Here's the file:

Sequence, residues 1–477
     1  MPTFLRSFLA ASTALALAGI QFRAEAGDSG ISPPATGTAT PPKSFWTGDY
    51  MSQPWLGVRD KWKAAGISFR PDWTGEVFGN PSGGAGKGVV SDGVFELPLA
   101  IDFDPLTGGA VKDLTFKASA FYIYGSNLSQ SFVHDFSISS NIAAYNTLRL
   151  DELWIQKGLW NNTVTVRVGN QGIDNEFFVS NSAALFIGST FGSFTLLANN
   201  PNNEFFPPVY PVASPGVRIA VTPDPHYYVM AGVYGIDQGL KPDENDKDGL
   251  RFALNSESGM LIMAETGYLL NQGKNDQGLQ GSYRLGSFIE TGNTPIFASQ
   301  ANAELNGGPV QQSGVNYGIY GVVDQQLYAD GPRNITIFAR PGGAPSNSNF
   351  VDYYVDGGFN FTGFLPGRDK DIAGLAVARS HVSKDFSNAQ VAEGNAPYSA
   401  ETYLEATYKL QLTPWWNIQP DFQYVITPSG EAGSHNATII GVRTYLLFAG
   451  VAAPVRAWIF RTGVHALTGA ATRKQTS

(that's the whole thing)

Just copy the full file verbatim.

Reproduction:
Sequence, residues 1–477
     1  MPTFLRSFLA ASTALALAGI QFRAEAGDSG ISPPATGTAT PPKSFWTGDY
    51  MSQPWLGVRD KWKAAGISFR PDWTGEVFGN PSGGAGKGVV SDGVFELPLA
   101  IDFDPLTGGA VKDLTFKASA FYIYGSNLSQ SFVHDFSISS NIAAYNTLRL
   151  DELWIQKGLW NNTVTVRVGN QGIDNEFFVS NSAALFIGST FGSFTLLANN
   201  PNNEFFPPVY PVASPGVRIA VTPDPHYYVM AGVYGIDQGL KPDENDKDGL
   251  RFALNSESGM LIMAETGYLL NQGKNDQGLQ GSYRLGSFIE TGNTPIFASQ
   301  ANAELNGGPV QQSGVNYGIY GVVDQQLYAD GPRNITIFAR PGGAPSNSNF
   351  VDYYVDGGFN FTGFLPGRDK DIAGLAVARS HVSKDFSNAQ VAEGNAPYSA
   401  ETYLEATYKL QLTPWWNIQP DFQYVITPSG EAGSHNATII GVRTYLLFAG
   451  VAAPVRAWIF RTGVHALTGA ATRKQTS